McNeill Comments on Aristotle on the Nature of Truth




Drew, Chris, Will and John

Originally uploaded by cplong11


William McNeill
, Professor of Philosophy at DePaul University, commented on my book, Aristotle on the Nature of Truth, at the 2011 meeting of the Ancient Philosophy Society.

Will’s comments offer a very good introduction to the scope, methodology and significance of the book.  His kind words are greatly appreciated as are the important questions he raises.
He begins with a very thoughtful and thorough account of the main themes of the book, including my attempt to understand truth in terms of justice and my development of a new understanding of ecology and ecological community.  He then goes on to explicate the meaning of “legomenology,” which designates the method I argue Aristotle follows. This approach recognizes that the nature of things is revealed in part in and through the things said about them, that our attempts at articulating the truth of things lends insight into something of the nature of things: ta legomena, the things said, are able to reveal something of the truth of ta phainomena, the things appearing.
Will also challenges me to consider more fully the degree to which I privilege a sort of homecoming over “a certain homelessness” and he points me to Heidegger’s interpretation of dynamis in the 1931 lecture “On the Essence and Actuality of Force” on Metaphysics Theta, where Heidegger focuses on negativity, withdrawal and inner finitude as a place where a different vision of Aristotle is developed.  He invites me to address more deeply the implications of modern technicity and globalization on what I have called the “ecological community.”  This, indeed, is an important dimension of the book that remains an open area of research, one that I hope to address as I think more deeply about the original Greek understanding of techne with the help, no doubt, of by Will and Heidegger.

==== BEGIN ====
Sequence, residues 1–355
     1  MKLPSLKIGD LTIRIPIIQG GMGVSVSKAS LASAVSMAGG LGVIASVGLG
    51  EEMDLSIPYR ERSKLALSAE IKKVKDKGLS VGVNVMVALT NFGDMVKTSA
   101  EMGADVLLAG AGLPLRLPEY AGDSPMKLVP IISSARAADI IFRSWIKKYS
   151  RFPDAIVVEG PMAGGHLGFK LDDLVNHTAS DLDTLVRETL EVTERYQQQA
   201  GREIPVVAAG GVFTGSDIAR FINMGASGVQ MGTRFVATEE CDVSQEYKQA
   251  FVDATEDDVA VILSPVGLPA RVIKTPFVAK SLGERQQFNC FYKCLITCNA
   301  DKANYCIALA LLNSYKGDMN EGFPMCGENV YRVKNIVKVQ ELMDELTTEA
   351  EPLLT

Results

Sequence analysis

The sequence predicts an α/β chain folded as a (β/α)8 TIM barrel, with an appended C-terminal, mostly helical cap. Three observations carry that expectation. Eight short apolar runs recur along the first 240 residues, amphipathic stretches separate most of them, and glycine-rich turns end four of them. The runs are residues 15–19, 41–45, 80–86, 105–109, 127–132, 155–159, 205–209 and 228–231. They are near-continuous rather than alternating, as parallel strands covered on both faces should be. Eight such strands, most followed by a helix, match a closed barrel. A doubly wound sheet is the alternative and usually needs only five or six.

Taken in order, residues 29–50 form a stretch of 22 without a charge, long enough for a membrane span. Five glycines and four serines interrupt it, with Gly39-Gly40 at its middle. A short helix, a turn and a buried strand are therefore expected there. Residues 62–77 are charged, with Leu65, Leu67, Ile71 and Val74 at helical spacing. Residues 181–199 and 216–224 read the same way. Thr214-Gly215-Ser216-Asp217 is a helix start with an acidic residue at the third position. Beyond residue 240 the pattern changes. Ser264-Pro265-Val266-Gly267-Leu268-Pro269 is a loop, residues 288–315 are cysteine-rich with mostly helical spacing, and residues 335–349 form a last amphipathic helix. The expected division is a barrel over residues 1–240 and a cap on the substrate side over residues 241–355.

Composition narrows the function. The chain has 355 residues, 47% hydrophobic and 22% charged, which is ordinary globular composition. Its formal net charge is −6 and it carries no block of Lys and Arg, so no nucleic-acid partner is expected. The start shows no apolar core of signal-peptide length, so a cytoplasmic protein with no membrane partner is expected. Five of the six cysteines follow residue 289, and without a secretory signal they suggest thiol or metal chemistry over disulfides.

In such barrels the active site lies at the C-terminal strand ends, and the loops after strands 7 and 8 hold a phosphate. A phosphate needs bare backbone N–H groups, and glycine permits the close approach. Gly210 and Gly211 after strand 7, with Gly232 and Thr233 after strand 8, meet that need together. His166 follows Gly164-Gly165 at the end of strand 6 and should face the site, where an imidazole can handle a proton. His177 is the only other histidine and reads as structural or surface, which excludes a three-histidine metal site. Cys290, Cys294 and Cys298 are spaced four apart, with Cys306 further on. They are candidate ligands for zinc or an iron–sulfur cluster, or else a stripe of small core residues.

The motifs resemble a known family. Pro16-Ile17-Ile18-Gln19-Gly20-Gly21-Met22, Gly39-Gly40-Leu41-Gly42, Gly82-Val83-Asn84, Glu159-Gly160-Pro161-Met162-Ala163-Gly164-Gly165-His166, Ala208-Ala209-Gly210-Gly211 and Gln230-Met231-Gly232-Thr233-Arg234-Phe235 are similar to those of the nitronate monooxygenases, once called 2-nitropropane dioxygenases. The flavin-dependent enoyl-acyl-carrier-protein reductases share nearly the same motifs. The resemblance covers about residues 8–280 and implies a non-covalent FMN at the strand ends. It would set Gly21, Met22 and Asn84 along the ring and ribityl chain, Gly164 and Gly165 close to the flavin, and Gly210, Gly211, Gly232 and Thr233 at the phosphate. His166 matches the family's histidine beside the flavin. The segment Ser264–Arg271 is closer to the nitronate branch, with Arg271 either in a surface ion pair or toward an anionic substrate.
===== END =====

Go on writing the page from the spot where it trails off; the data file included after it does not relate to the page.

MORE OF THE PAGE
I invite you to listen to Will’s paper here and to respond to the things he says:
To hear the other comments and my responses, click on the links below:

Here are images from the APS Book Panel:

Join the discussion One Comment

  • dirkusa says:

    he certainly raises the proper concerns from a conservative Heideggerian (perhaps even Derridean) standpoint but I think that one has to understand/engage these matters from a naturalized/demythologized/Darwinian perspective like the one gestured towards by Rorty in his Mirror book (certainly not the last word along these lines) and other thinkers after Canguilhem like Rabinow, Pickering, and the enactivists.

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